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[Inf-IT DAVcl] Using HTTP Basic Auth


Hi! I just want to share my hack, as it will likely be valuable to others as well. I have a not so uncommon setup: People login via HTTP Basic Authentication (popup window in the webbrowser). The webserver manages the login via LDAP. Once logged in, they have access to several webservices like wiki, file safe (Nextcloud or something), InfCloud and others. So clearly I do not want any login page. The login credentials are known by the webserver and webbrowser. The webbrowser will happily send them again without user interaction. Officially there seems to be no way to login without the login screen, but without hard-coding credentials in the config.js.
Ok. Generally, this is not so easy, because in Javascript you cannot access the browser’s authentication cache—for good reason. But in my case (and maybe in your case, too) the InfCloud files are provided by the same webserver that also serves as the WebDAV server (DAViCal in my case); and also by the same vhost. (This might later be important—see below. I have no special subdomain for DAViCal.) So there are no (additional) security concerns in sending the credentials once again from the browser to the webserver and back again, so I can read them in my Javascript. Here is what I have done:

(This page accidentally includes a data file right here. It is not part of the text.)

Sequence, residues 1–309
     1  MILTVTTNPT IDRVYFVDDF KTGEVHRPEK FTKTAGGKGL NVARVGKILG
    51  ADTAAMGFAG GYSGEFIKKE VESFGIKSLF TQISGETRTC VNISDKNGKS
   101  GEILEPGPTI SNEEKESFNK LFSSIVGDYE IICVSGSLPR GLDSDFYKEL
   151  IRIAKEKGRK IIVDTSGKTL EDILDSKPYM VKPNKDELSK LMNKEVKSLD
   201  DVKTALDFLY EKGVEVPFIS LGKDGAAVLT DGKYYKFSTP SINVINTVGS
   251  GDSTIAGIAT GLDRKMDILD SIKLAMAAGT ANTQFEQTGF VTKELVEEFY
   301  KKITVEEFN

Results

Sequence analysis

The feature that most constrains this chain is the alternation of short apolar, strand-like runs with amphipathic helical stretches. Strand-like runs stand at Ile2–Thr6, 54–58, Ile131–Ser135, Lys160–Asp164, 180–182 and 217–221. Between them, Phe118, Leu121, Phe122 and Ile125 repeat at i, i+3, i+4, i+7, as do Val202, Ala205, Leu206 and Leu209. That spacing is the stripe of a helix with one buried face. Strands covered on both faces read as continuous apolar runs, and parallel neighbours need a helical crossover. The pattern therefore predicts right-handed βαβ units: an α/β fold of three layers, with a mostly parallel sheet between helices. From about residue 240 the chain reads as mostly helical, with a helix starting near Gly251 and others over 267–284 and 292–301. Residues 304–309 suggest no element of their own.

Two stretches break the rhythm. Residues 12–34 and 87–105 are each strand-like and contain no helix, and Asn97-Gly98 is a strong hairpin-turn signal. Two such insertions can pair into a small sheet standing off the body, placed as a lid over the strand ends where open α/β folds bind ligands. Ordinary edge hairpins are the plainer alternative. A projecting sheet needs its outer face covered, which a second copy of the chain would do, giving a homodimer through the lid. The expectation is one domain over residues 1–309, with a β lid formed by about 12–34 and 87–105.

1) Rename InfCloud’s index.html to index.php.
You should try this out. Maybe you better use another language, if PHP is not available to your webserver. In my case, DAViCal is running on the same webserver, which is written in PHP. So, obviously, I can run PHP scripts.
2) In the lines around 620 in index.php, there are some hidden form fields (<input id="foo" type="hidden" value=""/>. Add two more like this:
<input id="foo-login" type="hidden" value="<?=htmlspecialchars($_SERVER['PHP_AUTH_USER'])?>"/>
<input id="foo-pw" type="hidden" value="<?=htmlspecialchars($_SERVER['PHP_AUTH_PW'])?>"/>
The effect is, that the user gets back an HTML file with their login credentials in cleartext in there. Don’t do this, if this is risky in your setup. In most cases this should not be risky, as the browser knows the credentials anyway; as well as anyone who can read the traffic between the browser and the InfCloud webserver.
3) In the beginning of the index.php, inside the <head></head> section, there are several lines starting with “<script”. Move all these lines to the end of the document, right before the closing </body> tag.
The Javascript needs to be loaded after the rest of the document, because otherwise the Javascript code in the beginning would not have access to the content of the document, i.e. to our credentials.
4) In config.js, enable the globalAccountSettings method (that one with the hard-coded credentials). But instead of really hard-coding some credentials there, you type (for example, if you have DAViCal installed in /cal/ and rewrite the URLs in your webserver config, so you can omit the part “/caldav.php”):
href: 'https://example.com:443/cal/'+document.getElementById('foo-login').value+'/',
userAuth:
{
	userName: document.getElementById('foo-login').value,
	userPassword: document.getElementById('foo-pw').value
},

If both the WebDAV server and the InfCloud files are below the same principal URL (same vhost), then a better solution would be, if InfCloud would simply try to access the WebDAV server without sending any login credentials. The WebDAV server would then reply with 401 and the browser would resend the request with the already-known credentials in the request header. This would be much less of a hack. Maybe somene else wants to try that.
Love
Torsten